Glass rods have recently been 'rediscovered' as their premium prices attest. If you haven't yet had the opportunity to fish one, you might be justifiably wary before plunking down $200 or more.
Like bamboo, glass rods are shorter than the graphites you're probably used to and their moderate or slower actions will be a sea change for your casting stroke that's probably used to a faster action. In short, you may well be paying a premium price for a rod that doesn't really ring your bell.
As a suggestion, you might do well to take a look at a used or vintage fiberglass rod on eBay or on one of the fiberglass rod forums. Fenwick produced glass rods by the tens of thousands in the 1960s and 1970s and their brown series are still wonderful fishing tools. I have an early-1970s 7-1/2' 2-piece for 6wt that's a pleasure to cast and nothing at all like the 6wt broomsticks made from today's graphite. I underline it with a 4wt or 5wt floater and it's one sweet casting rod. Judging from eBay, it'd fetch about $10-$20 if I were to sell it today.
Sure, a used rod doesn't come with a warranty, but so what? IMHO, it's far less likely that you're gonna break your first fiberglass rod than discover that you don't like its shorter length or softer action. If you don't, you're not out the big bucks a new one will cost you. And it's worth remembering that at best you'll usually only get about half of what you paid for a new rod if you decide to sell it later on. If you do warm to glass, then you can always add more rods to your collection later.
I have a 8' 7wt Fenwick from the 70s (Feralite FF807, 2pc). I love it, I love the way it casts, especially while double-hauling a steelhead fly... but now that I have my TFO 4wt I think I do prefer a bit faster rod. Maybe I just haven't put enough time in with the 7wt since the 4wt came to really know. I'll let you know once the summer is gone and I can no longer fish the small trout streams I enjoy much so much, or if I actually get a chance at some smallmouth this summer.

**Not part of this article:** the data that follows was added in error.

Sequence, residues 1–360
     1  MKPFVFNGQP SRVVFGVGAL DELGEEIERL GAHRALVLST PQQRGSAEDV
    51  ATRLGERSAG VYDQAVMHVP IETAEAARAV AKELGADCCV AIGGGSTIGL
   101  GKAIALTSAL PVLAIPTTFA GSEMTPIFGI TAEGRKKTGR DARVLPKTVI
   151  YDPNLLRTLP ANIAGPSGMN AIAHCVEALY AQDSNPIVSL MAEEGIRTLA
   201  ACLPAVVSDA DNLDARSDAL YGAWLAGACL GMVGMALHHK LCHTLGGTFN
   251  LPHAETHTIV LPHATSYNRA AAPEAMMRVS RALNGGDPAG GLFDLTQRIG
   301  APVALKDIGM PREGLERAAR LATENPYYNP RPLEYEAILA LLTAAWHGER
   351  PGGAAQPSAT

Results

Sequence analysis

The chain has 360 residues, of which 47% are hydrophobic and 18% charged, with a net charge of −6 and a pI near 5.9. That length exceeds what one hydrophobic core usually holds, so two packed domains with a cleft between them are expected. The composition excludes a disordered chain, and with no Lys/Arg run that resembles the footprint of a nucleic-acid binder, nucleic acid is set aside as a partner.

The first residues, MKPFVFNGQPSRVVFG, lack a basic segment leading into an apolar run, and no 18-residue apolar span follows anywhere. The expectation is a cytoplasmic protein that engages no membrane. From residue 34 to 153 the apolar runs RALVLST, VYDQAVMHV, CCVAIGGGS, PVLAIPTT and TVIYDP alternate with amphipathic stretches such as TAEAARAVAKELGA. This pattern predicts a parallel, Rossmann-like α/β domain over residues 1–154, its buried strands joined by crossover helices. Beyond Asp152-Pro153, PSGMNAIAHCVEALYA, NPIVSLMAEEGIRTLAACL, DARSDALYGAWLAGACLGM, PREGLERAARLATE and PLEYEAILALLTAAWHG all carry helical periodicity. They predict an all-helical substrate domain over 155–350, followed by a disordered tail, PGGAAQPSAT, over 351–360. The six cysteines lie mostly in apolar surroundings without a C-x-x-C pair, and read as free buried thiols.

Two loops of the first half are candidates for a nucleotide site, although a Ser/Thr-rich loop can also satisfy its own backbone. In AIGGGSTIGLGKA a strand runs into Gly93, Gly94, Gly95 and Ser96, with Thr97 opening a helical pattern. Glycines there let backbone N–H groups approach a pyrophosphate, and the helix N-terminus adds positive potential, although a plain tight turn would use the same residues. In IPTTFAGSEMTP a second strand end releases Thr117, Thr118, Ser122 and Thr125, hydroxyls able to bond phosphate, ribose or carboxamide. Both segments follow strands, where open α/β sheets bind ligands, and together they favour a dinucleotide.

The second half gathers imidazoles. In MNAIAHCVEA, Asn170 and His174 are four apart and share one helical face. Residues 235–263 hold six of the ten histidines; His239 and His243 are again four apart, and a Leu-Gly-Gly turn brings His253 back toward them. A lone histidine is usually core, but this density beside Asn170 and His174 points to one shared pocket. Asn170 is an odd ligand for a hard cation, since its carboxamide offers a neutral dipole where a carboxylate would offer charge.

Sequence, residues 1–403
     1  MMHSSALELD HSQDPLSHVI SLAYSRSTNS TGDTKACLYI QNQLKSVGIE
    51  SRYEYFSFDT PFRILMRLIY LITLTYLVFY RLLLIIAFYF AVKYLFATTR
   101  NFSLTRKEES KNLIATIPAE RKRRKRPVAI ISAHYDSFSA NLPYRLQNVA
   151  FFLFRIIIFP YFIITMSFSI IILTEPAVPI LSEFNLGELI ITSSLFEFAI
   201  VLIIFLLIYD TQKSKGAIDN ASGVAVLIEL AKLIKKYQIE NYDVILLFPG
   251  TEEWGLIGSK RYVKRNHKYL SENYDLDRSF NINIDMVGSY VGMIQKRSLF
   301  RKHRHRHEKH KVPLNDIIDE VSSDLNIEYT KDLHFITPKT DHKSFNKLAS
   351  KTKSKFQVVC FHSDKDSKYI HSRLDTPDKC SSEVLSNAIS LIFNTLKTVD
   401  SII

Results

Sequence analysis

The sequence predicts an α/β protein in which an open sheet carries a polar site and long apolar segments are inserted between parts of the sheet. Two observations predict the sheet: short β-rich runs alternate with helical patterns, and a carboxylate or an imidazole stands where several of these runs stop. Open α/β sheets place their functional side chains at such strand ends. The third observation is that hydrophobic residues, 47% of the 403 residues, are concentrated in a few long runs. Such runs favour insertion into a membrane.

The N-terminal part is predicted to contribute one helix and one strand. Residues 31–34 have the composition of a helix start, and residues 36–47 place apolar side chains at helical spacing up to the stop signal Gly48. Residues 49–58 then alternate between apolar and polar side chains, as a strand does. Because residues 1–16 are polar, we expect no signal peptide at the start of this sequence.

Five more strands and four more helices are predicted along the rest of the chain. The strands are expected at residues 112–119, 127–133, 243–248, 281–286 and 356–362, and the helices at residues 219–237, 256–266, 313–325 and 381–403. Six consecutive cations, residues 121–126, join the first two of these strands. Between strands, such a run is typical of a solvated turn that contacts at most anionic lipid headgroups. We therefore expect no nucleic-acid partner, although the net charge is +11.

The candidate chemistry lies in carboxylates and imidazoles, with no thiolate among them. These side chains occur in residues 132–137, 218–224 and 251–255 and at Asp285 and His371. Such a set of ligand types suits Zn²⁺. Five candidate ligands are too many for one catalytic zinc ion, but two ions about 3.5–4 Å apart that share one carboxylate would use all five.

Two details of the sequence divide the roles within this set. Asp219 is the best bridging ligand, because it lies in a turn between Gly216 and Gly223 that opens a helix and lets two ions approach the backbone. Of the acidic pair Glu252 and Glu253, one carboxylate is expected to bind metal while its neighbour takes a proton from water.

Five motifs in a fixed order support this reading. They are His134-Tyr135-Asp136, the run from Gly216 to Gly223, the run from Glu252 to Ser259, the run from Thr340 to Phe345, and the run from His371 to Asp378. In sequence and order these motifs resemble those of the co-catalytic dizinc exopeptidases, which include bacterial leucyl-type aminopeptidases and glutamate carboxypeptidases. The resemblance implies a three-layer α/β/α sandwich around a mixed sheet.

Either way, I do love my glass rod. I think as Kent says, check it out beforehand, it will be a world of difference, but different doesn't necessarily mean good or bad.
I'd definitely suggest watching ebay or craigslist for old Fenwick rods from the 70s. I have noticed around here that people pawn them off in garage-sales all the time in a heap of older rods they don't want anymore and don't really know what they are basically giving away.
I just picked up a couple of vintage glass rods from ebay for cheap. Mine are no-names (the price of the fenwicks seems to be jacked up). They are really fun to cast and definately different than my TFO. Both are really sensitive and pretty well made rods. With the no names you're taking a chance, but you can get a great rod for little investment.
...a used rod doesn't come with a warranty, but so what? IMHO, it's far less likely that you're gonna break your first fiberglass rod than discover that you don't like its shorter length or softer action. If you don't, you're not out the big bucks a new one will cost you. And it's worth remembering that at best you'll usually only get about half of what you paid for a new rod if you decide to sell it later on. If you do warm to glass, then you can always add more rods to your collection later.
You might check with the Lamiglas folks in Woodland, WA to see if they still have some of the little glass trout blanks (or rods) in stock. I have a couple of 7' 4/5 weights and they are really nice for any fishing where a light touch is required.
I also own two original J.Kennedy Fisher glass rods, a 7' 4-weight (2-piece) and a 7'6" 5-weight (four piece). they were beautifully assembled, complete with slip-ring reel seats by the late Jack Perry of Lakewood. Fishng a nice stretch of the Couer D'Alene River or other of my pet streams with either of these little beauties lowers my blood pressure.